Passenger numbers at Dublin Airport declined by 78% to almost 7.4 million last year due to the impact of the global COVID-19 pandemic.
More than half of all those who travelled through Dublin Airport in 2020 did so in January and February, as passenger numbers increased by 2% to 4.1 million passengers the first two months of the year. Between March and the end of December, passenger numbers fell by 89% to 3.3 million.
Dublin Airport lost 25.5 million passengers last year, which is equivalent to the entire population of Australia. The last time that Dublin Airport had fewer than 8 million passengers in a calendar year was in 1994, which is 27 years ago.
More than 400,000 passengers used Dublin as a hub during the year, which meant that just under 7 million people either began or ended their journey at Dublin Airport during 2020.
Passenger numbers at Dublin Airport have fallen further since the end of last year with January passenger numbers down by 90%. Daily passenger traffic is currently down by up to 98% compared to the same period in 2020.
“Aviation was one of the sectors of the Irish economy that was hardest hit by COVID-19, and this is reflected in the passenger numbers for last year,” said Dublin Airport Managing Director Vincent Harrison. “It was a hugely challenging year for Dublin Airport and for the entire Irish aviation sector, as the reduction in air travel and the introduction of travel restrictions in most markets had a very significant impact on passenger numbers during the year.”
In 2019, Dublin Airport had flights to more than 190 destinations in 42 countries operated by almost 50 airlines. In April 2020, Dublin Airport had flights to just 22 destinations in 11 countries operated by seven airlines.
“Aviation plays a vital role in Ireland’s economy, and it will be a key sector in helping that economy to recover in the wake of the pandemic,” according to Mr Harrison.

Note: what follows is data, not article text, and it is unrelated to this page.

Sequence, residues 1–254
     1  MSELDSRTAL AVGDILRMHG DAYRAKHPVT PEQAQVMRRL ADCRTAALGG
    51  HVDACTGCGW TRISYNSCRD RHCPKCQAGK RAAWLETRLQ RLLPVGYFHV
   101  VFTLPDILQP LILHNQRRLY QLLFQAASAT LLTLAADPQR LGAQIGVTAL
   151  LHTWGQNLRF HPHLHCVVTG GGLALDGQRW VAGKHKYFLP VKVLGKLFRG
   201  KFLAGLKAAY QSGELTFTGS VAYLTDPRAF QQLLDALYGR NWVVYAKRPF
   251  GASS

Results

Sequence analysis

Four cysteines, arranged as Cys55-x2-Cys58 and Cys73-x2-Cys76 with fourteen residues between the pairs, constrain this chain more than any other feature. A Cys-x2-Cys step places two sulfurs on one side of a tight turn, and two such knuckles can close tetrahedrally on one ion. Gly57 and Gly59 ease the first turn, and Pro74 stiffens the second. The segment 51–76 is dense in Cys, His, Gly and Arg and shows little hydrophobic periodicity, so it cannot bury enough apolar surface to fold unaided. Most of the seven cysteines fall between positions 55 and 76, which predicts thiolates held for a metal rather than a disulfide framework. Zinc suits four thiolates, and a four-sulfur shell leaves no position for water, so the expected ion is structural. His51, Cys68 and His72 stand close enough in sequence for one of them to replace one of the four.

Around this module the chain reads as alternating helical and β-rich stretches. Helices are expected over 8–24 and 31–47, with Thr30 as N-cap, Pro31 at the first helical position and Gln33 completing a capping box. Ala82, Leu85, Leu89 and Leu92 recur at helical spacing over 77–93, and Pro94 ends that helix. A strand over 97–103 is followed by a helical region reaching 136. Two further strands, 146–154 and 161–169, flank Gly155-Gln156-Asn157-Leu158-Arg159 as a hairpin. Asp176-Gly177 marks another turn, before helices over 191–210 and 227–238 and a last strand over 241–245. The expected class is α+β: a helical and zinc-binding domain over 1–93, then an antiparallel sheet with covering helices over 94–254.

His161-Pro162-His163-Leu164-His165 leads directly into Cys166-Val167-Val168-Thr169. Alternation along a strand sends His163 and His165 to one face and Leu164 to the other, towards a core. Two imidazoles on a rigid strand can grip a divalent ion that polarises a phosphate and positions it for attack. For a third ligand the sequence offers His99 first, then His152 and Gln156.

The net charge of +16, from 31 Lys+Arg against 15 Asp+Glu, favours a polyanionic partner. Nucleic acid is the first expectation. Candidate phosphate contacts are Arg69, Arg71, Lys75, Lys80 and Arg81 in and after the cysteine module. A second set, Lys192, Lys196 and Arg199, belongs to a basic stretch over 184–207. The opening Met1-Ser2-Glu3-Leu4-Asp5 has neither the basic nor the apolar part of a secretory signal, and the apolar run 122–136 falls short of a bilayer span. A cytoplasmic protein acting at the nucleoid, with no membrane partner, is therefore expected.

Europe’s airports lost a total of 1.72 billion passengers in 2020 compared to the previous year, as passenger traffic fell by just over 70%, according to data from airports group ACI EUROPE. Global air traffic fell by 60% last year, bringing air travel totals back to 2003 levels, according to ICAO, the UN agency for civil aviation.
Data from Eurocontrol, which co-ordinates the management of air traffic across Europe, shows that flights to and from Ireland were among the most affected by the pandemic last year. Flights to and from Irish airports fell by 63% in 2020, making Ireland the fifth worst affected country among the 41 member states within Eurocontrol. Only Armenia, Moldova, Morocco, Israel, and Georgia had larger air traffic declines than Ireland.
“It has been a year like no other for Dublin Airport, for our airline customers, our commercial partners and our employees, and for the entire aviation and tourism sectors,” Mr Harrison said. “Whether working on campus or from home, our people faced significant challenges during the year, and they did so with a professionalism and pride that is at the heart of Dublin Airport,” he added.
|Dublin Airport 2020 Passenger Traffic|
|Month||Passengers||Change v 2019|
|Total 2020||7.4 million||(-78%)|